The World Health Organization (WHO) has authorized the use of experimental drugs in the Ebola outbreak in West Africa. The death toll has reached 1,000, including a Spanish priest.
The World Health Organization (WHO) has given the green light to the use of experimental drugs in the Ebola outbreak in West Africa. The death toll has reached 1,000.
WHO has declared the outbreak to be an international public health emergency. Pressure has been mounting on FDA to expedite approval of an anti-Ebola drug.
One experimental drug is ZMapp (Mapp Biopharmaceutical and LeafBio, which is composed of 3 humanized antibodies manufactured in plants, specifically, Nicotiana. According to a company information sheet, it is an optimized cocktail combing MB-003 and ZMAb. It was first identified as a drug candidate in January 2014. Despite promising results for the ZMapp, it has not yet been evaluated for safety in humans. According to various news reports, 2 Americans infected with Ebola are improving after being treated with this drug.
In addition, British Columbia drug maker Tekmira Pharmaceuticals has announced it has verbal approval that FDA has converted a full clinical hold on its drug, TKM-Ebola to treat the Ebola virus, to a partial clinical hold. Tekmira is developing its experimental Ebola treatment under a $140-million contract with the US Department of Defense, and FDA designated it as fast track status in March.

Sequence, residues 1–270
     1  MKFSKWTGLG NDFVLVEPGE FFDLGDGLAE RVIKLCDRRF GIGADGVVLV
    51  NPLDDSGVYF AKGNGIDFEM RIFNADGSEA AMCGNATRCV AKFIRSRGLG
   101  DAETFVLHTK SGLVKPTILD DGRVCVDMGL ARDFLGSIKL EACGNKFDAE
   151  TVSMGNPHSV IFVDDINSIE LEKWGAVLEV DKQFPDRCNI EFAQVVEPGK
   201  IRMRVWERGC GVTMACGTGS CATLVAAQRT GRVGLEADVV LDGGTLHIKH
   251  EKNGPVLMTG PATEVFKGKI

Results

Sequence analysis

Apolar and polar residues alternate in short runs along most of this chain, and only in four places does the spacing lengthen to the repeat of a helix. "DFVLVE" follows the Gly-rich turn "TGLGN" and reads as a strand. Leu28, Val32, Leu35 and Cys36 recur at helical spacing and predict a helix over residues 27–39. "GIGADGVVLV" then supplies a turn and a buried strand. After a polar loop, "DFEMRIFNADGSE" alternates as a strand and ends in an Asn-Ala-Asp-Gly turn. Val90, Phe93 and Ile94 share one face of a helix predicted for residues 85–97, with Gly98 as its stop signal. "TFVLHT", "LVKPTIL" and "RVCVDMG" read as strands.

After healthy patients began taking it as part of the first phase of a clinical trial, FDA put a clinical hold on TKM-Ebola because of possible side effects. TKM-Ebola holds a fast track status from FDA.
"If approved, gaining access to the Ebola medication may be an extensive process as there may be numerous requirements that must be met prior to patient administration," said Clarence D. Moore, PharmD, BCPS, assistant professor, Howard University College of Pharmacy, Washington, D.C.
It has also been reported in The Hill that GlaxoSmithKline will begin testing an Ebola vaccine. The drug maker will partner with the National Institutes of Health to start a phase 1 trial and administer the vaccine to a limited number of patients over the next few months.